13. See Office of Management and Budget, Memorandum for the Heads of Departments and Agencies from Jacob J. Lew, No. M-00-15, OMB Guidance on Implementing the Electronic Signatures in Global and National Commerce Act (Sept. 25, 2000), Part III, B.1 (“OMB Guidance”).Back to Citation
14. Id. at Part I, B and Part III, B.1. The OMB Guidance provides two examples that illustrate this point. In the first example, E-SIGN applies to a governmental agency's requirement that a seller retain a copy of the contract of sale for a regulated substance for future audit or law enforcement purposes because the contract is generated as part of a commercial transaction. In the second example, E-SIGN does not apply to a governmental agency's requirement that a seller retain a copy of an audit of its consumption of the regulated substance because retention is not “related to” a commercial transaction, but occurs to comply with a governmental requirement. See also 146 Cong. Rec. H4357 (daily ed. Jun. 14, 2000) (statement of Rep. Dingell).
Records generated to comply with governmental requirements are subject to the Government Paperwork Elimination Act [Pub. L. No. 105-277, Title XVII, §§ 1701—1710 (1998) (codified at 44 U.S.C. 3504)], which is effective October 21, 2003.Back to Citation
15. See Item 302(b) of Regulation S-T [17 CFR 232.302(b)]. Since 1993, we have required most documents filed or otherwise submitted to us to be transmitted electronically to our Electronic Data Gathering, Analysis and Retrieval, or EDGAR, system. Regulation S-T, in conjunction with the EDGAR Filer Manual and the electronic filing provisions of applicable rules, regulations and forms, governs the electronic submission of documents filed or otherwise submitted to us via EDGAR. See Item 10(a) of Regulation S-T [17 CFR 232.10(a)].Back to Citation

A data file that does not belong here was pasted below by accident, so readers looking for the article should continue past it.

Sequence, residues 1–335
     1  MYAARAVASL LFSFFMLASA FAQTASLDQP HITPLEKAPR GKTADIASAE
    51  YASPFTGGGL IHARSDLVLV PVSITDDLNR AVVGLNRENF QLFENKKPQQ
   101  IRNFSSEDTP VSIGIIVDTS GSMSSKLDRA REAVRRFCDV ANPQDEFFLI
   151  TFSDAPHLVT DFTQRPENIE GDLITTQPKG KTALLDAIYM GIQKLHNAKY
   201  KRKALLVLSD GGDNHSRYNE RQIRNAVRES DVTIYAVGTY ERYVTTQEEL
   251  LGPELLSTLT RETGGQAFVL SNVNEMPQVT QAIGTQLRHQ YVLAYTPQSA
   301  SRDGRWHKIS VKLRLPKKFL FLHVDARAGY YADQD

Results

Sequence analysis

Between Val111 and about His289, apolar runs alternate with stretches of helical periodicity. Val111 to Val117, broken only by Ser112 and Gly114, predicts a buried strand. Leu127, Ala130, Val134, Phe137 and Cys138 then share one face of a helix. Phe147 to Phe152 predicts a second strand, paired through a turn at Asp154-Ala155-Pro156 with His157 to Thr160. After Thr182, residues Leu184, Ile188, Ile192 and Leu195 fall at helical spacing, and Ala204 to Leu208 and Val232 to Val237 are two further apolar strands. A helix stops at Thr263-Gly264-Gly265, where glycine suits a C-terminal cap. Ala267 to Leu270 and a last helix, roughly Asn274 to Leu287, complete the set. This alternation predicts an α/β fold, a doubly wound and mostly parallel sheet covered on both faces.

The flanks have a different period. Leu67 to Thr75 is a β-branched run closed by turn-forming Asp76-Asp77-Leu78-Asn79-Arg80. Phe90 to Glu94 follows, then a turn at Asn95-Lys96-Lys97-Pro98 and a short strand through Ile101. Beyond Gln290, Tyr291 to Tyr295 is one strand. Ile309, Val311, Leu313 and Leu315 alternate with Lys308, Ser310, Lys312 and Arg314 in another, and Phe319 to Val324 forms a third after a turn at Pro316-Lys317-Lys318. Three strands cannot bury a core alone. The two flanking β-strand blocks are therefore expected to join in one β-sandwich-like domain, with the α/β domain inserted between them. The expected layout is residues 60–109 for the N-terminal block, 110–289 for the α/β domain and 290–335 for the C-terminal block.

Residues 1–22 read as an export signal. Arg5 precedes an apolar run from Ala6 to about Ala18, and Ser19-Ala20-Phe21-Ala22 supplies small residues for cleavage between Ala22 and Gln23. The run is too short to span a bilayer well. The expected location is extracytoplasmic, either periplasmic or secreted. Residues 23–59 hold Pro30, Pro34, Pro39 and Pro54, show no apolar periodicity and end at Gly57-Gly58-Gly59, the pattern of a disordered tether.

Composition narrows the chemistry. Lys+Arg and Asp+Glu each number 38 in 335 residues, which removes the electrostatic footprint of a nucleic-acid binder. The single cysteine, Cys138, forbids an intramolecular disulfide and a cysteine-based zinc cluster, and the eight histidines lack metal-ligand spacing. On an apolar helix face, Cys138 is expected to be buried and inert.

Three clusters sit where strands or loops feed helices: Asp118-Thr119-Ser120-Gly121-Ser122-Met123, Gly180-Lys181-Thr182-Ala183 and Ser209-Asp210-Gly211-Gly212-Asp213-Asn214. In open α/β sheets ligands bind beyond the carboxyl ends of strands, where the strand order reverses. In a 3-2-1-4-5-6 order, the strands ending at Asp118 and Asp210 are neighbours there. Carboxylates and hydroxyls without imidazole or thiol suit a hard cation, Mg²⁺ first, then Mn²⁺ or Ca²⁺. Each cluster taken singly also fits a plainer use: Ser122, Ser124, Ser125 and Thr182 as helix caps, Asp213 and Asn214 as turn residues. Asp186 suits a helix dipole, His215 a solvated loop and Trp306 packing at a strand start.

16. See Securities Act Rule 402(e) [17 CFR 230.402(e)]; Securities Act Rule 471(b) [17 CFR 230.471(b)]; Exchange Act Rule 12b-11(d) [17 CFR 240.12b-11(d)]; and Exchange Act Rule 14d-1(h) [17 CFR 240.14d-1(h)]. A similar requirement is applicable to beneficial owners of more than ten percent of any class of equity securities registered under Section 12 of the Exchange Act [15 U.S.C. 78l], and the officers and directors of the issuer of such security who are subject to Section 16(a) of the Exchange Act [15 U.S.C. 78p(a)]. See Exchange Act Rule 16a-3(i) [17 CFR 240.16a-3(i)] (retention of manually-signed signature page for any Section 16(a) statement filed with a typed, duplicated or facsimile signature).Back to Citation